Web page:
GM's IPO: The Spiritual Rebirth of a Giant
In New York, it was clear by sunset that this was no ordinary trading day. The facade of the NYSE, which was normally covered in an oversize American flag since the Sept. 11, 2001 attacks, was now masked by a chrome-colored GM logo.
Although the exchange opens at 9:30, by 9:15 the floor post for General Motors was overcrowded with traders, that would normally be unobserved in this modern day of electronic trading. At 9:30 the opening bell sung, followed by the prolonged sound of a Chevrolet Camaro being operated at increased speeds. Executives crowded around CEO Dan Akerson and applauded, and cheers normally heard only during big stock rallies went up from the floor.
And a big stock rally it was, with prices per share shooting from $33 to almost 36. And as the stock rose, so did the climate on the trading floor, reports MSNBC.
"I think it's a buy," said DME Securities trader Alan Valdez's optimistic statement given to reporters. "Just a year ago the company was in bankruptcy. People thought they'd never sell cars again. So this is huge. What is great for GM is great for the country. It's great for Main Street."
The White House emphasized the importance of breaking away from the automotive industry, while taking credit for a taxpayer bailout that helped save the industry and tens of thousands of jobs. GM employs 209,000 people in the United States, about 115,000 fewer than it did in 2004.
Just before the stock offering, Treasury Secretary Timothy Geithner called Akerson to congratulate him and other GM executives for a job well done, according to MSNBC reporters. On Thursday afternoon President Barack Obama gave a statement from his White House briefing room, saying that "an industry that helped to build our middle class is once again on the rise."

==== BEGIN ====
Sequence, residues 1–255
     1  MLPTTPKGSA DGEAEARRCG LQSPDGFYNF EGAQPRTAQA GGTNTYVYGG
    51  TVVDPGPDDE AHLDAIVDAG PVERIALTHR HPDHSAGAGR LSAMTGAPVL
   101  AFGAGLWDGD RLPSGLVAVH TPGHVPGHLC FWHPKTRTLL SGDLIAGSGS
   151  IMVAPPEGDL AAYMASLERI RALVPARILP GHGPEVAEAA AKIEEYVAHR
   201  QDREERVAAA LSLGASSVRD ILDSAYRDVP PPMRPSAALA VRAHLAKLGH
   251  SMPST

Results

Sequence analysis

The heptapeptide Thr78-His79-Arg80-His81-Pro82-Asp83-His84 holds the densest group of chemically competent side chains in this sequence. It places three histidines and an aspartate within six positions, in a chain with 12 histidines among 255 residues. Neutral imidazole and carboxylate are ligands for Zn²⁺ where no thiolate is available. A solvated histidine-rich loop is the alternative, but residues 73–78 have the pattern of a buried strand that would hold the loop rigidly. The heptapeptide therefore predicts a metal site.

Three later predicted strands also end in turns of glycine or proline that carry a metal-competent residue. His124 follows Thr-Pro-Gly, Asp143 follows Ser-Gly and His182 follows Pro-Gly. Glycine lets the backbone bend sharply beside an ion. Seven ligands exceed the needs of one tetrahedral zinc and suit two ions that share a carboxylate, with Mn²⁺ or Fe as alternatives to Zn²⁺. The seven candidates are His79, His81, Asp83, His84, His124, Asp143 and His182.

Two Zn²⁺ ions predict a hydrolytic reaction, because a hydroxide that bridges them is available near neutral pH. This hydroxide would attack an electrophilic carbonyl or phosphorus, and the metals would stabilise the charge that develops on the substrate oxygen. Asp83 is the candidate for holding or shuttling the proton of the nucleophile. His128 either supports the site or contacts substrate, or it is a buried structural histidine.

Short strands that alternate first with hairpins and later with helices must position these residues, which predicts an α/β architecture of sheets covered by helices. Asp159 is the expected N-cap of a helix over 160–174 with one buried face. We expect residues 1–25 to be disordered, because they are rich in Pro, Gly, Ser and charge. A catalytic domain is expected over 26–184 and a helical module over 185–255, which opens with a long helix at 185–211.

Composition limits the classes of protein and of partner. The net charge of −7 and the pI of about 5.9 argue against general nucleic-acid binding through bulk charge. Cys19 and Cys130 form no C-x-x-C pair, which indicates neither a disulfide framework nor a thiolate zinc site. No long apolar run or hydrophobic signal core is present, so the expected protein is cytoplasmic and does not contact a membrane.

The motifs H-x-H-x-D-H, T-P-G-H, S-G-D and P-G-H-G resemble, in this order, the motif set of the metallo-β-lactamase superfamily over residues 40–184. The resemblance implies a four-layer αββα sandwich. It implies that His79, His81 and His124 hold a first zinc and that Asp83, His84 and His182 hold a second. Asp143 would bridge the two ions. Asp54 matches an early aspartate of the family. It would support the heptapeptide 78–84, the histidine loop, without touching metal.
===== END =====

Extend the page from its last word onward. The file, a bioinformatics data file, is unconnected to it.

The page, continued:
"These last two years haven't been easy on anybody," the president said. "They haven't been without pain or sacrifice, as the tough restructuring of GM reminds us."
"We are finally beginning to see some of these tough decisions that we made in the midst of crisis pay off," he added, apparently speaking not just of the GM bailout but of other bailout and stimulus measures adopted during the worst of the economic meltdown.
Obama commented that the stock offering had set back the government stake to 33 percent from 61 percent. For taxpayers to break even on the $50 billion federal bailout of GM, the government needs to sell the rest of its shares at an average price of $53, as reported by the previously mentioned publication.
It was a moment of pride for Detroit, despite the dark period it went through since the beginning of the downfall of the US auto industry in the late 2000s. People cannot stress enough that the harm has already been done and Michigan's unemployment rate only recently fell beneath 13 percent, compared to a national rate of under 10 percent.
"They've already been affected by the plant closings, the layoffs. It's been devastating," said Tim Jenkins in an interview with the aforementioned source, a mortgage banker who lives in the suburb of Grosse Pointe. He said he was too close to retirement to invest in GM stock, which he worried would be volatile for a while.
At the GM headquarters, several hundred workers cheered and welcomed Akerson at a party celebrating GM's return, as reported by the media. It was going about the time the stock market closed, with GM finishing the day at $34.19, up $1.19 from the offering price.
"Sixteen months ago, we were pretty much flat on our backs," the CEO said in a statement, "but we picked ourselves back up and got back in the game. We need to work hard to repay that confidence and trust that has been placed in us."